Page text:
The mission of Texas Baptists is to challenge, equip, and empower people to passionately fulfill God's call to reach all people with the Gospel. The success of churches is measured by the number of Christians actively winning souls and enabling them to win over the crowds. All other activities, such as raising funds, constructing buildings, organizing ministries, delivering sermons, and writing songs, are ultimately in support of this mission. In the mid-1800s, reports from Texas Baptists revealed a deep-seated belief that black people were inferior, indolent, childish, and superstitious. As a result, they refused to recognize most black Christianity as legitimate and insisted that only white Baptist preachers could preach the right gospel.
This attitude has been linked to a decrease in evangelization efforts in the Southeast, where the population is growing most rapidly. In 1863, reports from Texas Baptists began to reflect an open concern for the Confederate Army and also a disdain for Northern sympathizers. By 1875, the African Methodist Episcopal Church had grown enough to host its second annual conference in West Texas and black Baptists held their first convention meeting at the state level. Baptist conventions often have departments staffed with people who carry out evangelistic campaigns, help churches and other Baptist entities improve evangelization, and offer conferences to instruct and inspire Baptists in evangelization. In addition, they emphasize obedience of slaves as part of their evangelization efforts. Texas Baptist leaders spread a gospel closely linked to the plantation hierarchy. They observed that black Baptists “maintained a better order in their public worship” and did everything possible to suppress any bustle that characterized their meetings.
However, they never mentioned any violence against black slaves in their reports. This essay has explored how the rise of black churches, violence against blacks and their communities, and reports from Texas Baptist associations all coincide to show the continuing white patriarchal mentality and violence of the evangelization plans of the Baptist plantations of Texas. The mission of Texas Baptists is clear: to spread the Gospel and bring people closer to God. To do this effectively requires an understanding of how evangelization has been shaped by history. The rise of black churches in Texas was met with resistance from white Baptists who sought to maintain control over religious practices. This resistance was further compounded by violence against blacks and their communities.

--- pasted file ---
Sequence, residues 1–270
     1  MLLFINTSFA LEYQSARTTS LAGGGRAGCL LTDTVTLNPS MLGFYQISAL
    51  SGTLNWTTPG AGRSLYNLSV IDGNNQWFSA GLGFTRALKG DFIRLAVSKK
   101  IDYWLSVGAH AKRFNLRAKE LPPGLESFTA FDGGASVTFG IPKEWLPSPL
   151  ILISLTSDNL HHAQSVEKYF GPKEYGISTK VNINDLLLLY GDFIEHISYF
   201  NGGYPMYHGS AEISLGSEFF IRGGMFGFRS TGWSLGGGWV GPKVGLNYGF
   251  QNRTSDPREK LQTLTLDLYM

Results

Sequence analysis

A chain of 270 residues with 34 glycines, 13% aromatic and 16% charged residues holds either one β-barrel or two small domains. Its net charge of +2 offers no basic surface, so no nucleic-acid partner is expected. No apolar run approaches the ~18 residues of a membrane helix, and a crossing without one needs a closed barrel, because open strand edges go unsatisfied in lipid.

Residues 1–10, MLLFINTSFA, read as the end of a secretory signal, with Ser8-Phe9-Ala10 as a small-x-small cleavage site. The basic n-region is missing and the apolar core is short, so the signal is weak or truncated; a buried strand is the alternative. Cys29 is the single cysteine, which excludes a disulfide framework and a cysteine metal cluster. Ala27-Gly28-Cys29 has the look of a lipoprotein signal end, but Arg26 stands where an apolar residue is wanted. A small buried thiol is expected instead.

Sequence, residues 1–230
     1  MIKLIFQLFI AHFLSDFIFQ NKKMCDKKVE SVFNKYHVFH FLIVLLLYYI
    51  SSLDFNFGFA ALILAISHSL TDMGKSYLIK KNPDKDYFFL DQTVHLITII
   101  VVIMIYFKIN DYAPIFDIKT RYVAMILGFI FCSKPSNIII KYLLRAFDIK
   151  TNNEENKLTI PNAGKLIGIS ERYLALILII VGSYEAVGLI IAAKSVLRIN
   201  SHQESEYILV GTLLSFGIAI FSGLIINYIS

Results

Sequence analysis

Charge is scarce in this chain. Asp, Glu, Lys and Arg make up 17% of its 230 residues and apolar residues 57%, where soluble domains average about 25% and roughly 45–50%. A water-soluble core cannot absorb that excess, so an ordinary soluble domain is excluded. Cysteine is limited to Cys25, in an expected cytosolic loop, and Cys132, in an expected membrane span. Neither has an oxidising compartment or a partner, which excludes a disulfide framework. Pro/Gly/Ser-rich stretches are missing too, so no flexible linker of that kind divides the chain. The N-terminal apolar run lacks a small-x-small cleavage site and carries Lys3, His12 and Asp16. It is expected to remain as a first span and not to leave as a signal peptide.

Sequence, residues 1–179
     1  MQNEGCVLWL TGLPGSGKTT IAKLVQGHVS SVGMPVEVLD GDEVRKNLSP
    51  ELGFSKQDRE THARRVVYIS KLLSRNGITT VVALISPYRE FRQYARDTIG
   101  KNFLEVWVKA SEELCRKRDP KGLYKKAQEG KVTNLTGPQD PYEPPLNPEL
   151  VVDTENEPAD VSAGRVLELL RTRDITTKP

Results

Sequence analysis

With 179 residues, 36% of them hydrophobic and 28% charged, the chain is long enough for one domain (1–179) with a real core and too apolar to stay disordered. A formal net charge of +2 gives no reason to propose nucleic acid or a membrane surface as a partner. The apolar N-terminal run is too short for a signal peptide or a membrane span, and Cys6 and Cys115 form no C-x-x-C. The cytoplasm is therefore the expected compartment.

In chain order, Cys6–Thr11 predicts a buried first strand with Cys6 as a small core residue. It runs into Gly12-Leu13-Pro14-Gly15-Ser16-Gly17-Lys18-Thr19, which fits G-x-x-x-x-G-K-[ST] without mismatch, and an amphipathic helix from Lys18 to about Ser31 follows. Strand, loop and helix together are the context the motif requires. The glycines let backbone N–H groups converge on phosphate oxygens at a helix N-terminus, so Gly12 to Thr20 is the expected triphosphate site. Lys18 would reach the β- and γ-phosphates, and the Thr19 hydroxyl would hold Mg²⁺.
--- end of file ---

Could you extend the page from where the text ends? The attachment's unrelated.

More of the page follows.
Reports from Texas Baptist associations reveal a deep-seated belief that black people were inferior and indolent. This attitude has been linked to a decline in evangelization efforts in the Southeast. In order for churches in Bexar County, Texas to effectively evangelize today, it is important for them to understand how history has shaped their mission. It is also important for them to recognize that violence against blacks and their communities must be addressed if they are to be successful in their mission. Finally, it is essential for them to recognize that only through open dialogue can they truly understand how best to reach all people with the Gospel.